Proprioception during rehab and return-to-play
As we’ve discussed, you can be as strong, flexible, and equipped to deal with instability as you like, but injuries will still occur. Unfortunately, any injury that causes damage to soft tissue where proprioceptors are located, results in some loss of proprioception. This loss of proprioception, along with a weakening of the structures supporting a given area of the body, can lead to both injury recurrence and cumulative damage over time. Although injury can cause individuals to avoid exercise altogether, it is critical that you work to restore strength, range of movement, and proprioception in the injured area.
Studies in US collegiate baseball found proprioceptive defects to be a significant mechanism for shoulder instability amongst pitchers, and that shoulder pain was linked with reduced proprioceptive sensation in that area. Athletes who do all they can to maintain and quickly restore proprioceptive skill are likely to experience reduced pain and enhanced control during return-to-play.
Fortunately, you can quickly rebuild your proprioception, balance, and ability to deal with instability through targeted exercise. The use of wobble boards during static and dynamic activity is a common place to start particularly for lower body injury, working to improve the feedback between muscles and your central nervous system, and training your body to more efficiently react to the instability created without conscious thought. This instability becomes slightly harder to manufacture for upper body injuries, although the use of resistance bands and some creativity in exercise prescription normally does the trick. A simple Google search will help you find plenty of ideas for targeted exercises that may help you.
How Exosuit can help with injury prevention and return-to-play
All Exosuit products are designed with athletes in mind, specifically to help support, stabilise, and power performance. For those of us suffering instability, there are a number of ways that Exosuit could be of benefit:
Exosuit interacts with your body to enhance proprioception
As we now know, an acute awareness of motion and body position can help reduce the risk of sustaining injury during exercise. By interacting with your skin via silicone panels at key anatomical locations, Exosuit garments enhance awareness of position, movement, posture, and muscular activation during exercise. We will never claim that this awareness prevents all injury, but it does give your body a better chance to adapt to unexpected perturbations, and therefore to avoid some instability and reduce the risk of injury.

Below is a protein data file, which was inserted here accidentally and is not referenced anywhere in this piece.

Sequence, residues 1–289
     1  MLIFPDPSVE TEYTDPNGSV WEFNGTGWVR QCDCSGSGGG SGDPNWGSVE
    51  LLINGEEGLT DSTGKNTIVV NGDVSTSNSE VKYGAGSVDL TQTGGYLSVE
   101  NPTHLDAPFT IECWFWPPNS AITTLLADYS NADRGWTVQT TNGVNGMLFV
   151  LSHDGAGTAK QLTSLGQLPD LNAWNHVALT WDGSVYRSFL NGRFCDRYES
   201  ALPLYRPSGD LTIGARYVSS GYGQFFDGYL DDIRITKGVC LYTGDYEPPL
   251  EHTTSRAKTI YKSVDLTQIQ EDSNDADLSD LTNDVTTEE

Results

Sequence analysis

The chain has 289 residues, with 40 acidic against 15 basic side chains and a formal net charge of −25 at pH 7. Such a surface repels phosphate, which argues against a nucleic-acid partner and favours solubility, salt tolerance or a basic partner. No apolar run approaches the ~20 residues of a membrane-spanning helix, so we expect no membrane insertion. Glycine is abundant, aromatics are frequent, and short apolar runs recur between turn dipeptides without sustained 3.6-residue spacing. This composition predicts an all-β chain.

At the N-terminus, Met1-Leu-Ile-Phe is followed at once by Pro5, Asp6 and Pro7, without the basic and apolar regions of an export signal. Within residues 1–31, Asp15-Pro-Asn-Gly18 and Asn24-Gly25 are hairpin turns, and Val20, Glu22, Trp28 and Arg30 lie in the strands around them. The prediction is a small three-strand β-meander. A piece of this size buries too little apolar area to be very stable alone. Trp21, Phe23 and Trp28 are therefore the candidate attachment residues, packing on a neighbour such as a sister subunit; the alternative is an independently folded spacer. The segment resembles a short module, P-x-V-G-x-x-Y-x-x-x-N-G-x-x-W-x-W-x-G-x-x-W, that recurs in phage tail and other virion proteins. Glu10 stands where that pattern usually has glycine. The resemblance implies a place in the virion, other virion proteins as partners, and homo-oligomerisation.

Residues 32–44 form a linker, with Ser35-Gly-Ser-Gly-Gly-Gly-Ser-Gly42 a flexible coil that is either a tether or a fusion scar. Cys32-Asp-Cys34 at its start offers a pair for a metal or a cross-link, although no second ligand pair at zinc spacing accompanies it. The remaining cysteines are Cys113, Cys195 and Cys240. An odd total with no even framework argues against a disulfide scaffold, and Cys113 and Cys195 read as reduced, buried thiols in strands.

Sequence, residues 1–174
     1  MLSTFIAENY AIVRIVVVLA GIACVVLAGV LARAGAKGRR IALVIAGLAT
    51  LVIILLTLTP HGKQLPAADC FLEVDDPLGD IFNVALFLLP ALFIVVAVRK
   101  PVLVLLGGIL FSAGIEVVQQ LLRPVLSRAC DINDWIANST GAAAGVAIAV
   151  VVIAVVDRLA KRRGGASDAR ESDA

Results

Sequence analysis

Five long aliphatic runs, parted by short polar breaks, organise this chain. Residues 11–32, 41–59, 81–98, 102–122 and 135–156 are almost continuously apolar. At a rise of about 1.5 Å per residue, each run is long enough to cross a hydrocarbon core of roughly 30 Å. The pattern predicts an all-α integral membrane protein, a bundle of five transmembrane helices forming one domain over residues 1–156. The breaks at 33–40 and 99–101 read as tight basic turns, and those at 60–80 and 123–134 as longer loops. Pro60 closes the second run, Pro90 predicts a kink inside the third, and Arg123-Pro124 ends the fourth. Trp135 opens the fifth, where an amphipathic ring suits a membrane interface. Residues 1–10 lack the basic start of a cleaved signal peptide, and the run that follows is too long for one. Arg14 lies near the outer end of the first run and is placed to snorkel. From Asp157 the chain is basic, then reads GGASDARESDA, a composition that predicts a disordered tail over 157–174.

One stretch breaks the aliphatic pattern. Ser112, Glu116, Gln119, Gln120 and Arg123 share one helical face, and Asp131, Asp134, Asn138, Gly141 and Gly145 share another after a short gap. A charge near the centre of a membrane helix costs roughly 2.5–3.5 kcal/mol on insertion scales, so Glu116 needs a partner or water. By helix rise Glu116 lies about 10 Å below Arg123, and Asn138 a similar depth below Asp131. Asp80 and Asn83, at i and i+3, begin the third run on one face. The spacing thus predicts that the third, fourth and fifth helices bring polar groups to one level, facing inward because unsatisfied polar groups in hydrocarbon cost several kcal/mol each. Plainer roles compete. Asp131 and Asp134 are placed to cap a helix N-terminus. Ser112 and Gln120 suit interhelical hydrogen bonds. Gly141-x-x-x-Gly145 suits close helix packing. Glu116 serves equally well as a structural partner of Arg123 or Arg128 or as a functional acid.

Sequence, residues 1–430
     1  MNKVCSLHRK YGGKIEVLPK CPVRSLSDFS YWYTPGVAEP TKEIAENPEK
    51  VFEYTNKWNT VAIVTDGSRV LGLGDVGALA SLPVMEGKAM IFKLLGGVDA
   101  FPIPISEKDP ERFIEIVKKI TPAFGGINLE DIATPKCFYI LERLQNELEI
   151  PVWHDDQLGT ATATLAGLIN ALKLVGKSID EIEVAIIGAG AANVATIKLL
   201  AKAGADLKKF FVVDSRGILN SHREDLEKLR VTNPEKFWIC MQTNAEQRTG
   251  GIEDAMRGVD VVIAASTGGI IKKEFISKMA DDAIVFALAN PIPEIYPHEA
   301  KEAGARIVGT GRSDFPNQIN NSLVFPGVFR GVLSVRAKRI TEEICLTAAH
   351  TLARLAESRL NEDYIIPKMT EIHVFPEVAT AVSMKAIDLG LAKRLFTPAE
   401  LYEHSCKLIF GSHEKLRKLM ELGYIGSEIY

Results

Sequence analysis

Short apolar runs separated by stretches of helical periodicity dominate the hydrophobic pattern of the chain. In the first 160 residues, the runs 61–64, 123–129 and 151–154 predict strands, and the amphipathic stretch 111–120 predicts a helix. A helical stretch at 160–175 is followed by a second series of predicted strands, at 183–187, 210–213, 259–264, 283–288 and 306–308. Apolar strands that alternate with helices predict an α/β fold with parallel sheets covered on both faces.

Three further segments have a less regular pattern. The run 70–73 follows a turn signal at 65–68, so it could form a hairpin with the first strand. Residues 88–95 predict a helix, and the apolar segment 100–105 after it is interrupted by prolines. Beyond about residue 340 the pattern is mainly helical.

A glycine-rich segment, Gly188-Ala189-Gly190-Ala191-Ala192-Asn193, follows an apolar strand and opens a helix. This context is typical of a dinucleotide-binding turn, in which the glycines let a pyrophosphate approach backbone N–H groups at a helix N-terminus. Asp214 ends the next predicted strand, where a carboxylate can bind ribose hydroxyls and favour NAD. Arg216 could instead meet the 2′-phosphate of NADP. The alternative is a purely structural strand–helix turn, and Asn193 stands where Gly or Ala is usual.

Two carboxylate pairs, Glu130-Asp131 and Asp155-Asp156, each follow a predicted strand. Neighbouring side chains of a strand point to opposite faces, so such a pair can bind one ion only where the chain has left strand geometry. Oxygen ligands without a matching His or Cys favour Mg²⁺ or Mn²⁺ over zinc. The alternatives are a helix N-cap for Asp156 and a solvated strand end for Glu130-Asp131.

Patented PowerFlex Technology stabilises key muscles and joints
Exosuit garments all come with our patented integrated flexible support, designed to stabilise key joints and muscles during exercise. The EXO1 for example, actively supports the shoulders and upper back, assisting the surrounding muscles in providing joint stability particularly for upper body focussed and overhead activities. You can check out more about how this technology works via our features page.
The unique cut of Exosuit garments supports dynamic posture
Many people neglect correct posture as a direct influencer on both athletic performance and injury, however this is definitely not a factor you should ignore. The unique cut of the EXO1, in combination with the integrated flexible support, works to draw the shoulders back and straighten the spine into a strong neutral posture. We will cover this in more detail in future articles, but in short this can reduce loading on vulnerable muscles and joints, directly reducing the risk of pain and injury.
Exosuit is not a magic pill. It will not solve all your problems with sports performance or injury. But for many of us, enhanced awareness and additional support around vulnerable areas can make a substantial difference. This is where we are focussing our research and development – apparel that is specifically designed to interact with the body to support and power performance, and that makes a genuine difference to athletes at all levels.
You can read more about the science behind Exosuit here.